Seventeen of a possible 33 quality points awarded for care of COPD patients are for spirometry measures to diagnose and monitor the condition.
The General Practice Airways Group (GPIAG) is recommending the 2008/9 quality framework takes account of the Medical Research Council dyspnoea score every 15 months.
This approach would be a better indicator of disease severity and would help tailor treatment to individuals, said Kent GP and GPIAG member Dr Hilary Pinnock who helped compile the group’s proposal.
Spirometry is important for diagnosing COPD and distinguishing it from asthma, but its value at 15-month check-ups is less certain.
‘We’re suggesting that annual spirometry might be more often than is needed,’ she said. ‘We suggest reducing the frequency of spirometry measurements.
‘This is good clinical care as recommended by the British Thoracic Society (BTS)/SIGN guidelines and NICE.’
GPIAG recommendations on asthma and COPD are to be built into a consensus alongside the British Thoracic Society and Educators for Health, after the organisations made similar proposals to the quality framework review board.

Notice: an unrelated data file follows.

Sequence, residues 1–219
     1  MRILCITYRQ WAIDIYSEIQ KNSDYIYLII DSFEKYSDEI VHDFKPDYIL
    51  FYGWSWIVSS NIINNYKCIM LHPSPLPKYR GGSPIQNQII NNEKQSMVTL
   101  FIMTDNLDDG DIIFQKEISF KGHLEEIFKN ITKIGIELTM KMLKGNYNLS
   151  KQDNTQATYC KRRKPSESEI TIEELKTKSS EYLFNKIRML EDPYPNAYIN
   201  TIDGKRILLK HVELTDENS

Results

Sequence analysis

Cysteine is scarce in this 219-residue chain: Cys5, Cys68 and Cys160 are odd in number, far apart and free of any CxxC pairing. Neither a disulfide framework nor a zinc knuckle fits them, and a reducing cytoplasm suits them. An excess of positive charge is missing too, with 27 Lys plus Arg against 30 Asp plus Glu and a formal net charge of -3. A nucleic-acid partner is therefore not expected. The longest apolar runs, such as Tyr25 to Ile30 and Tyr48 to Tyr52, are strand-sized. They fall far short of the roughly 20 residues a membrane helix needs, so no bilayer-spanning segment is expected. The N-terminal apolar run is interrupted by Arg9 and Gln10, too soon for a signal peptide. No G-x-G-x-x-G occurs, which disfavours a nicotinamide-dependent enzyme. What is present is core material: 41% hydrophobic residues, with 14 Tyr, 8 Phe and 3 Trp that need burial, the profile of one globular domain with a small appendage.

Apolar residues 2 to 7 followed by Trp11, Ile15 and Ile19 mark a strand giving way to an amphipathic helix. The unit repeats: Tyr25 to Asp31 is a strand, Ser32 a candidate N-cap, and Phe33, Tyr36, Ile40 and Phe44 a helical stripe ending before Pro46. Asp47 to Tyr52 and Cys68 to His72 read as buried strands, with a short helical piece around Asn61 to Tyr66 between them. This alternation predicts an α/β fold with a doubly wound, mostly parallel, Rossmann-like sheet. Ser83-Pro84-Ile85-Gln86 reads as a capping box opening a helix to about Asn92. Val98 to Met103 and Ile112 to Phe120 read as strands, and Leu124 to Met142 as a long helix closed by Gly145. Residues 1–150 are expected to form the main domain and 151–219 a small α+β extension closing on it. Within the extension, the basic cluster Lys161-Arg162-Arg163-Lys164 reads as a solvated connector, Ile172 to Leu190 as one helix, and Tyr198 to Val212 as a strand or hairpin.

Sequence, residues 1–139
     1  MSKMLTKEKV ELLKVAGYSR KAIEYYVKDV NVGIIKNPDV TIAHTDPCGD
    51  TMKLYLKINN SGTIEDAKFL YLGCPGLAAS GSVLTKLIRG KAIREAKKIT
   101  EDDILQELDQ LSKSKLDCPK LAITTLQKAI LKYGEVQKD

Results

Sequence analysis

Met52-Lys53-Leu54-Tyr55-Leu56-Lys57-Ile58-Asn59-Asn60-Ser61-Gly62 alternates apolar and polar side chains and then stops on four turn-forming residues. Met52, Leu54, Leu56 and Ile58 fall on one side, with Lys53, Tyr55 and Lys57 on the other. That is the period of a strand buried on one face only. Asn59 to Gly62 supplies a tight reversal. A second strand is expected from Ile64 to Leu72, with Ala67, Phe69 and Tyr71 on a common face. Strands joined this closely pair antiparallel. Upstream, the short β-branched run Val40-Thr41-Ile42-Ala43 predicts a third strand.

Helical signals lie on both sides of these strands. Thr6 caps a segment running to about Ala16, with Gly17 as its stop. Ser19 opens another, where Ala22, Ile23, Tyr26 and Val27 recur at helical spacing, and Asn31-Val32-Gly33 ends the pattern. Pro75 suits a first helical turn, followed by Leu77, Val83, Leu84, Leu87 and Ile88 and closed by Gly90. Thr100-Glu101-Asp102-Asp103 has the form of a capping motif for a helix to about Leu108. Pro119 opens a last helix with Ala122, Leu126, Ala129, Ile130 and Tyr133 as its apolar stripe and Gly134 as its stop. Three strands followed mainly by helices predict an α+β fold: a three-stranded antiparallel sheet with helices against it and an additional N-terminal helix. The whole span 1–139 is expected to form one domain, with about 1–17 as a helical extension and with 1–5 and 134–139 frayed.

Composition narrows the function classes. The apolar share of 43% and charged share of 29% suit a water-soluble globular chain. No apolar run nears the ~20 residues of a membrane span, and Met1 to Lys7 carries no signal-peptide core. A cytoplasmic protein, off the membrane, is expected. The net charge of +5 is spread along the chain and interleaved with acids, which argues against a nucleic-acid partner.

In May, respiratory charities will meet the quality framework review board to discuss the changes. Changes are scheduled to be finalised by negotiators by November, although this looks unlikely.
‘What we’re really trying to do is to appreciate that one size doesn’t fit all,’ said Dr Pinnock.
GPIAG wants asthma reviews to be extended to include an assessment of adequate control to help tailor care to individuals.
GPs are awarded up to 45 quality points for asthma. GPIAG wants GPs to be given additional points for patients having a personal asthma management plan to boost self-management of the condition.
‘One of the other things we will be putting into the quality framework review is the link between asthma and rhinitis. We’re trying to build up a holistic picture,’ said Dr Pinnock.
‘We will be fighting hard to keep and increase our quality indicator points, and we are confident that we have well-thought-out evidence-based recommendations.’
But Dr John Haughney, Glasgow GP and president of the International Primary Care Respiratory Group, said all of the asthma indicators should be overhauled.
‘The quality indicators for asthma are weak and should be reviewed. What we have bears no resemblance to good practice for asthma care,’ he said. ‘It requires substantial revision.’
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